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Pundits & Editorials

Obama seeks to refute his stimulus bill critics while the House GOP gets props for voting against it. Plus: Wall Street's 'dunderheadness.'

• "The immediate loss" of Tom Daschle "is much greater than the gain" of Judd Gregg, "but the payoff on Gregg, the third Republican in the Cabinet, will be substantial down the road," David S. Broder predicts.

Donald Lambro criticizes the Obama transition team for its "sloppy vetting" process, citing the tax woes of three nominees and New Mexico Gov. Bill Richardson's pay-to-play allegations.


• Noting that Nancy Killefer owed less than $1,000 in taxes, James Taranto finds that Obama's new "zero-tolerance policy" for his nominees raises more questions than it does answers.

• Obama defends his economic stimulus plan in the Washington Post.

Gail Collins also defends the bill, albeit in a more light-hearted way: "Come on, people. Let's give the stimulus some love. What's not to like? That it's messy? My desk is messy. Everything Congress ever touches is messy."


E. J. Dionne Jr. thinks that Obama's TV interviews Tuesday were to respond to Republicans, who, "short on new ideas, low on votes and deeply unpopular in the polls -- have been winning the media war over the president's central initiative."

• In the Washington Times, columnist Thomas Sowell calls the party-line House vote on the stimulus package a "rare smart move by the Republicans," insisting that if it was passed as a bipartisan bill, Democrats couldn't be blamed.

Daniel Henninger also sees the party-line vote as a good thing for Republicans, calling it the "luckiest thing to happen to the GOP's political fortunes since Ronald Reagan switched parties."

• "The arguments made for and against" Obama's "stimulus plan really aren't that different from the arguments that were made for and against the New Deal some 75 years ago," Harold Meyerson reasons.


John Gapper deems "Obama's decision to impose a salary cap of $500,000... on the senior executives of financial institutions, including Wall Street banks, that need public money to prop themselves up" as "rough justice."

• "In the ensuing debacle, mainstream Americans got blighted neighborhoods with lawns grown weedy, trash piled up and high unemployment," Margaret Carlson laments. "For Mr. Wall Street, it's a $700 billion windfall with few strings attached, time to party on -- literally."

Patt Morrison is fuming over the "dunderheadedness" of "fat cat" bank CEOs and wants to see "groveling," "show-trial sweating" and "stammering" when they testify to the Hill next week.

• Referring back to Obama's campaign pledge to "finish the job" in Afghanistan, Rosa Brooks cautions that what it's going to take to actually accomplish the goal isn't clear anymore.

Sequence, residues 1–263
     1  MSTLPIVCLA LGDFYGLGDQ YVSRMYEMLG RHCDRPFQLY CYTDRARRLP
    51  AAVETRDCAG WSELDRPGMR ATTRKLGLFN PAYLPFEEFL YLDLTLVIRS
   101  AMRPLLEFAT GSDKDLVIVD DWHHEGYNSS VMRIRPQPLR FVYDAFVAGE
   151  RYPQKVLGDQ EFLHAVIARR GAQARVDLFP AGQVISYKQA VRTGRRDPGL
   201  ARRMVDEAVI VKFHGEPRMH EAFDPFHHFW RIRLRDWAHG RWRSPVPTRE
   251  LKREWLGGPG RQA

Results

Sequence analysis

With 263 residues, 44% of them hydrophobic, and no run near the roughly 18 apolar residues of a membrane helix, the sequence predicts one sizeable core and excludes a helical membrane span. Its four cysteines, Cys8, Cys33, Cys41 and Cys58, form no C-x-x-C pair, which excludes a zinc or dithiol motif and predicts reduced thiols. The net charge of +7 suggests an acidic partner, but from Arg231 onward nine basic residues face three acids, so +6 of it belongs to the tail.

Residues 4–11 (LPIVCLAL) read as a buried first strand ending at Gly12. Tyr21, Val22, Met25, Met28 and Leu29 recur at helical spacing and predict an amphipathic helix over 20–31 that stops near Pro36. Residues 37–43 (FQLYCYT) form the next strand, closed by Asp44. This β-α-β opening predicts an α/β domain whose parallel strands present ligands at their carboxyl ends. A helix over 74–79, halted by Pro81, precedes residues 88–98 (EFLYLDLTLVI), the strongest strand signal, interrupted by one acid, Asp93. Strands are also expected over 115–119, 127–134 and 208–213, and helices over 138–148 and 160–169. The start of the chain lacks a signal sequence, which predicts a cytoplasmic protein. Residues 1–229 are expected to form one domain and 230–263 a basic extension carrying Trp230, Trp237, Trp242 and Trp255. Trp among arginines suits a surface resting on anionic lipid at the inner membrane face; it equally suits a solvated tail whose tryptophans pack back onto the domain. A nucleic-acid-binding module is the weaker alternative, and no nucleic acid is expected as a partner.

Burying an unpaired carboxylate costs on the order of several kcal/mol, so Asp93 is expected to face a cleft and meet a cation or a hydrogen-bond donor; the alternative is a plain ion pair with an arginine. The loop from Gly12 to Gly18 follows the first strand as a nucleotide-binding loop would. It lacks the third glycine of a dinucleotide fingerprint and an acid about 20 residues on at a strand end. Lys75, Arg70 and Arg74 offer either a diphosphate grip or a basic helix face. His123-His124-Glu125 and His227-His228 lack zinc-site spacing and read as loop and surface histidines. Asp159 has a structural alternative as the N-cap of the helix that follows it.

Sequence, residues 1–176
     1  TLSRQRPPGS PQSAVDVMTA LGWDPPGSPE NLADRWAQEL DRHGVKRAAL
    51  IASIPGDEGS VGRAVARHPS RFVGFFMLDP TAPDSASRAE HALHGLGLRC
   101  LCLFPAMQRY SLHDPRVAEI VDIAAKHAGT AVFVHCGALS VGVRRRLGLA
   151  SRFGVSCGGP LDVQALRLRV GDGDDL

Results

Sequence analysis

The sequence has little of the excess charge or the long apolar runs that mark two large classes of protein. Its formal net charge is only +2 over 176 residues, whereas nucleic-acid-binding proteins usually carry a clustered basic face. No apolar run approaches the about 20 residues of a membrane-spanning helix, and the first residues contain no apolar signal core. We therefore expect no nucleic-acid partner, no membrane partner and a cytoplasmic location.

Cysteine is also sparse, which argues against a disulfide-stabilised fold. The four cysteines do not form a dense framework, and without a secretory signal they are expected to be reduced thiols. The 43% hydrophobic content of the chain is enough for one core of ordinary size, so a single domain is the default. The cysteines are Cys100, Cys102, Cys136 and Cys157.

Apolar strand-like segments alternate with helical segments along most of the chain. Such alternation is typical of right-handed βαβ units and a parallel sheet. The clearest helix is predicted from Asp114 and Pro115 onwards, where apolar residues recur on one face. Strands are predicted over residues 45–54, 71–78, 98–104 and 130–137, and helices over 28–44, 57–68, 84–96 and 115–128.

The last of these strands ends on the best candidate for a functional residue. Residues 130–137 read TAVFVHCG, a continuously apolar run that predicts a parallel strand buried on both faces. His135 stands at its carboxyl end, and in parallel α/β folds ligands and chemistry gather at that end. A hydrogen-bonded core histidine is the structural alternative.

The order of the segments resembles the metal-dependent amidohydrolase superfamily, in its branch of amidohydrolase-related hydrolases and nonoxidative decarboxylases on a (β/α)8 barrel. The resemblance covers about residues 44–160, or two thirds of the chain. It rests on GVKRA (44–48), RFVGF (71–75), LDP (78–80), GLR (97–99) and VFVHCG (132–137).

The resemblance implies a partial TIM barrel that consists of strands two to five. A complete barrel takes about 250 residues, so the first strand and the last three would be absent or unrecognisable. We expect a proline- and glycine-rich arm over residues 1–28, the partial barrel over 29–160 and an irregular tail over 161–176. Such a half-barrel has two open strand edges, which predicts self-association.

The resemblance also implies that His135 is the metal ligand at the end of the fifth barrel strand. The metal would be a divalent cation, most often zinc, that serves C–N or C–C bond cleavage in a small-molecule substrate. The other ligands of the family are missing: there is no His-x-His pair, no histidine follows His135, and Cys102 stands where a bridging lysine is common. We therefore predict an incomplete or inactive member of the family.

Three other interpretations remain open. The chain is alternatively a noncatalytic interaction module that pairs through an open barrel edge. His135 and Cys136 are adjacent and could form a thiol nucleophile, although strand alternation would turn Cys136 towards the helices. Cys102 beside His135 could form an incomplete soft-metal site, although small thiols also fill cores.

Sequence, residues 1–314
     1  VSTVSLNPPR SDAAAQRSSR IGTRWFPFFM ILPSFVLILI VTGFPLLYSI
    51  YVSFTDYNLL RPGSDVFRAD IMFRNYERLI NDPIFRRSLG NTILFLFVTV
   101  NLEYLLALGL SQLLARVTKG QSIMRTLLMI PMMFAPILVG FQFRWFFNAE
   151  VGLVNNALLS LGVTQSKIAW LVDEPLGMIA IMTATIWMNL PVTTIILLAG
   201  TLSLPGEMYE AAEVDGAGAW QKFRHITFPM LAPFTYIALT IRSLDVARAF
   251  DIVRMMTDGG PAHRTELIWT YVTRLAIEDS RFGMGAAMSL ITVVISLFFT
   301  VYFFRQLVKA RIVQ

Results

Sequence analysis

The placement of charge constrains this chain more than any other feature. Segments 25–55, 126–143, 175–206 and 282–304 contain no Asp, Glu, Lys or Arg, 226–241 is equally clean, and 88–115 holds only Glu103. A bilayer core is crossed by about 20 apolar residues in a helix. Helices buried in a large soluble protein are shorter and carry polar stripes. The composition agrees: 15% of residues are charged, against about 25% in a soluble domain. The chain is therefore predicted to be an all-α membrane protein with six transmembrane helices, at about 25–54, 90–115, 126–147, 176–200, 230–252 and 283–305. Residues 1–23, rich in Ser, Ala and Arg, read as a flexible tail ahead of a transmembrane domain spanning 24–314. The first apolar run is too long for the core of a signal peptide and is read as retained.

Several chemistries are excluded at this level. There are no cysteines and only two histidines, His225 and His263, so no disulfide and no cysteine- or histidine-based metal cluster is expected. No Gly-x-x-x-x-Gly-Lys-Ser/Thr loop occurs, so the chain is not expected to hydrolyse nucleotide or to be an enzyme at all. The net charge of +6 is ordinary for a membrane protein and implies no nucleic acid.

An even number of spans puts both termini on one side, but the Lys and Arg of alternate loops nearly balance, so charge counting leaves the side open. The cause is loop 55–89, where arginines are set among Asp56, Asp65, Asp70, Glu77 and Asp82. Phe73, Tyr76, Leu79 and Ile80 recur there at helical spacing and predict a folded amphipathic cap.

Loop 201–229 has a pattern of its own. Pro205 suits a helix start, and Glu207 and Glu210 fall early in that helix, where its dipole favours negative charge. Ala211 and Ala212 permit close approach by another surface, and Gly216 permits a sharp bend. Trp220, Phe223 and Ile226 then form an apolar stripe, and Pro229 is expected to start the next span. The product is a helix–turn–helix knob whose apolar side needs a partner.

David Ignatius names two people he thinks could be Obama's emissary to Iran, who "have the stature and experience to engage Iran at the highest level."

• In the effort to get Iran to stop its nuclear weapons program, "the U.S. military option is not an option. It is unthinkable," Roger Cohen underscores.

• "A new American presidency is a useful moment to review policy toward Myanmar, and the truth is that the West's approach has failed," Nicholas D. Kristof declares.

George F. Will has reservations about the D.C. House Voting Rights Act, which would give the district a vote in the House.

From The Editorial Boards...

• The Christian Science Monitor wonders how Americans should distinguish between the withdrawals of Killefer and Daschle and the confirmations of Timothy Geithner and Hillary Rodham Clinton, despite the controversies in their nominations.

• The Washington Post cautions that the House stimulus bill "suffered from a confusion of objectives," and that it shouldn't -- contrary to what Obama has touted -- contain long-term economic strategies.

• "Obama's decision to cap senior executives' pay at bailed-out banks and other companies addresses one of the most outrageous weaknesses of the Bush administration's financial-rescue package," the New York Times maintains.

• Bankers "can't keep partying like it's 2007," USA Today warns, adding that until they "can prove that they grasp what needs to change, no one should be surprised that the White House is redrawing the lines for them."

• "It pays to cool off a second and consider the ramifications of a knee-jerk reaction against 'executive compensation' as if it were an evil unto itself," lawyer Laura Thatcher counters in an opposing view.

• Meanwhile, the Los Angeles Times asserts that even though the decision to cap executive pay is more of a "sideshow than a solution," it's nonetheless crucial because Obama must "rescue the TARP's reputation before he can do the same for any more banks."

• Meanwhile, the Wall Street Journal tells taxpayers "that Members of Congress want to impose salary and bonus limits to give themselves political cover when they are next asked to provide more bailout cash."

• The Washington Times laments the recent death of Russian journalists in their own country and encourages the U.S. to get involved by reporting the deaths.

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